How To “Win” In Sales

Posted On: January 2



This is one of the biggest “aha moments” I ever had when learning to be salesperson, which I got from a fantastic book called: Let’s Get Real or Let’s Not Play by Mahan Khalsa.

“In sales, you and the customer want the very same thing: the Exact Right Solution.”


Let me unpack this for you…

If you are talking to a potential customer, then they have already given you a buying signal; they are giving you some of their time, which means there is at least some level of interest in your product or service. So you both know what you are there for, a potential sale. The goal then is to make sure that you both get what you want out of the transaction, they get a reasonable price for a product or service that they need and you make a reasonable profit. This is the only possible outcome for a successful transaction, the Exact Right Solution.

  • Sell them something too expensive and they find out that your price was high, you lose the customer.
  • Sell them something too cheap and you lose money on the deal, your company goes out of business.
  • Sell them the wrong product that will not actually meet their needs, but makes you a nice commission, you lose the customer.
  • Sell them the right product and deliver it late, you lose the customer.
  • Sell them the right product and it does not work, and you fail to follow-up and get it fixed quickly, you lose the customer.
  • Sell them the right product but promise them too many additional services, you lose money on the deal, your company goes out of business.

I could go on and on, but I’m sure you get the idea unless both you and the customer get exactly what is right for both of you, you have not made a successful sale.

That means that it is not you against the customer, it is the two of you working together as a team to develop the Exact Right Solution. To me, this takes away the sometimes adversarial relationship between buyer and seller. I remember early in my career that every time I went on a sales call I felt like I was trying to “win the sale.” The truth of the matter is I should have been trying to win the trust of my customer by giving them exactly what they wanted, that also aligned perfectly with what I wanted, so that we could build a strong positive relationship and I could be seen as a partner and trusted advisor who would always do what was in their best interest, as long as it was also in my best interest. The classic Win-Win agreement.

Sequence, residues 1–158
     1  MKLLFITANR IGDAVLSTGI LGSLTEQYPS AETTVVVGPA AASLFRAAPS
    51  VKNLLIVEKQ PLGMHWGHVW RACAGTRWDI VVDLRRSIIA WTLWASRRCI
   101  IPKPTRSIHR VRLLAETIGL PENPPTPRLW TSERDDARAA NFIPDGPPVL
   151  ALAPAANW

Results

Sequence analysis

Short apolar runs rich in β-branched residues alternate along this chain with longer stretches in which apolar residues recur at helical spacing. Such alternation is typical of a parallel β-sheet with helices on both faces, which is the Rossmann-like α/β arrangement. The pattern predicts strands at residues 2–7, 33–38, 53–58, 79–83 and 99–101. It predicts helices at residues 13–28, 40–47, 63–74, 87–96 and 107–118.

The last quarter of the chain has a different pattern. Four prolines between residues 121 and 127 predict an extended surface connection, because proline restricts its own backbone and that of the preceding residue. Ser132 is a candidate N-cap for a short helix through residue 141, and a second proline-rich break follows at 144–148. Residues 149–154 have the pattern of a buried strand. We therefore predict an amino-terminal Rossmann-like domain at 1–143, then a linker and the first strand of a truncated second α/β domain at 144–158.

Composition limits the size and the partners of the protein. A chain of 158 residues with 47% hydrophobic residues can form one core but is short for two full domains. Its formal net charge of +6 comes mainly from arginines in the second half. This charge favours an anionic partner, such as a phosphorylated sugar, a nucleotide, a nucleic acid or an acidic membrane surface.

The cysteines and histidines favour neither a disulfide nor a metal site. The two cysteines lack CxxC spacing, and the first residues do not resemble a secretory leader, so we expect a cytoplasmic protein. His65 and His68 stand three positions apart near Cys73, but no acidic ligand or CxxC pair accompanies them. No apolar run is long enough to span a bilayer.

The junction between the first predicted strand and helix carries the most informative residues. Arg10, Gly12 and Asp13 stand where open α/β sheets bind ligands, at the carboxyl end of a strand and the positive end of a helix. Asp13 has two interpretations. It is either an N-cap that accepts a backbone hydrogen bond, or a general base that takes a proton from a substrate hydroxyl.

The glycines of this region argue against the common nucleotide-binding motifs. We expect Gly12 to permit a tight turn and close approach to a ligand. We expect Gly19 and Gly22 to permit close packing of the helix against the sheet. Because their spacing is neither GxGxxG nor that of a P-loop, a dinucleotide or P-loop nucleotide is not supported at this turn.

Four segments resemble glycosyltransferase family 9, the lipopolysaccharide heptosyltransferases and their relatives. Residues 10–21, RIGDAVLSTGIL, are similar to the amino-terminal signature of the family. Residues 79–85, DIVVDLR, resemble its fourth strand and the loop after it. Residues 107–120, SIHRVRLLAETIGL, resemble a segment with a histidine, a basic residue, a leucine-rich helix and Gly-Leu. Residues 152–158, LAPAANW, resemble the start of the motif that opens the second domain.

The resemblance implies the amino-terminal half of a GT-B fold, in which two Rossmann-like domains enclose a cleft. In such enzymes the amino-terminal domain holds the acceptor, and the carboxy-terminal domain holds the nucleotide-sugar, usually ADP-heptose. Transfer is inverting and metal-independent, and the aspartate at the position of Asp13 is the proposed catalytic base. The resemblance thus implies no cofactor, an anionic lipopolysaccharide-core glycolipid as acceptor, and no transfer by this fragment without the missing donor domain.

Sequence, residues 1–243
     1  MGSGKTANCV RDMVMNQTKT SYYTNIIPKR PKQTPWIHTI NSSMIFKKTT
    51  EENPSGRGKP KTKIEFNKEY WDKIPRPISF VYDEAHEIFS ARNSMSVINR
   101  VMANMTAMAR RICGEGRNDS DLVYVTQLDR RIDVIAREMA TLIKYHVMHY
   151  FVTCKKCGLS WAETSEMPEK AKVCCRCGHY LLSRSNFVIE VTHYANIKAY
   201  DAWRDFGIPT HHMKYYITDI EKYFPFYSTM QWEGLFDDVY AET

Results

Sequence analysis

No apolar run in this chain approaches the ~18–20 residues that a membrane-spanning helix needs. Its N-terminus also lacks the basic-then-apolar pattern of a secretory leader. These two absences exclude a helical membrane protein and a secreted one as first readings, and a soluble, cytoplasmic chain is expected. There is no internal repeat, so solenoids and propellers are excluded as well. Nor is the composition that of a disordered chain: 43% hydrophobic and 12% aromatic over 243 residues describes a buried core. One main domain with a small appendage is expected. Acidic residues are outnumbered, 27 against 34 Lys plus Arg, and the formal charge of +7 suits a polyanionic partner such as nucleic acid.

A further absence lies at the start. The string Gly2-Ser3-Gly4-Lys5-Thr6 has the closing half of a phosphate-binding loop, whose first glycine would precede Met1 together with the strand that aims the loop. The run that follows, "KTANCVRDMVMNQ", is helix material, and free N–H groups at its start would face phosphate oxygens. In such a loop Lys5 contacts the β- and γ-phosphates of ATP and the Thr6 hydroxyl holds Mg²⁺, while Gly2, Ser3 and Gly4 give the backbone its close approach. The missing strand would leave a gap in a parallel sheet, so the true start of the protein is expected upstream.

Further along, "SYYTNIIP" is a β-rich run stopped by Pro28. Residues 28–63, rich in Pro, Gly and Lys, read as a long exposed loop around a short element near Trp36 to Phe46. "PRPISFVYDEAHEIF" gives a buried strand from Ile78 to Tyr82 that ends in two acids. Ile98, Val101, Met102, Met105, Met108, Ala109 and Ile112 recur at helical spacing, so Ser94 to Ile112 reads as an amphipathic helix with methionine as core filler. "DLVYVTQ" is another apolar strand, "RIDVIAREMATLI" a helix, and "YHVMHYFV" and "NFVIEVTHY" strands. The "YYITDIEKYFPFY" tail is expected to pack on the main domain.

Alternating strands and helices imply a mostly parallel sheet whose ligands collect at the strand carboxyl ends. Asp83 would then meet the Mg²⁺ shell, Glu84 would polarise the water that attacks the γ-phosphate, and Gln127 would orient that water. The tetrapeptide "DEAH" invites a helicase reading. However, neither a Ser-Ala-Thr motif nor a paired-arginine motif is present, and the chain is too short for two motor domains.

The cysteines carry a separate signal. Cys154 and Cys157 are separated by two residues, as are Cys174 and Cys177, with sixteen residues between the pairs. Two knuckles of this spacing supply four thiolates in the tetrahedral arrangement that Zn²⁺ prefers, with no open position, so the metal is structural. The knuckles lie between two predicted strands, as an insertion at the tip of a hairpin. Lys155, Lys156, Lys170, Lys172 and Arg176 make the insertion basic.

Now that I understand this, sales is so much more fun. I’m not there to “win” anything, I’m there to help us much as I can and work jointly with my customer to develop solutions that make everybody happy so that we look forward to doing more business together in the future.

To me, that is the way a professional salesperson approaches the sales process.

Your thoughts?

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  1. I am in the process of reading this book now, I have also found it very insightful. I also purchased his 6 CD Set and have been listening to it while driving. So simple but seldom used. I am incorporating this into my business now. John I also have found your content to be very helpful. You keep things simple and very understandable so I am able to see how I can implement things into my life and business right away. I do not understand how you put so much out on such a consistent bases. You are a machine, Thanks.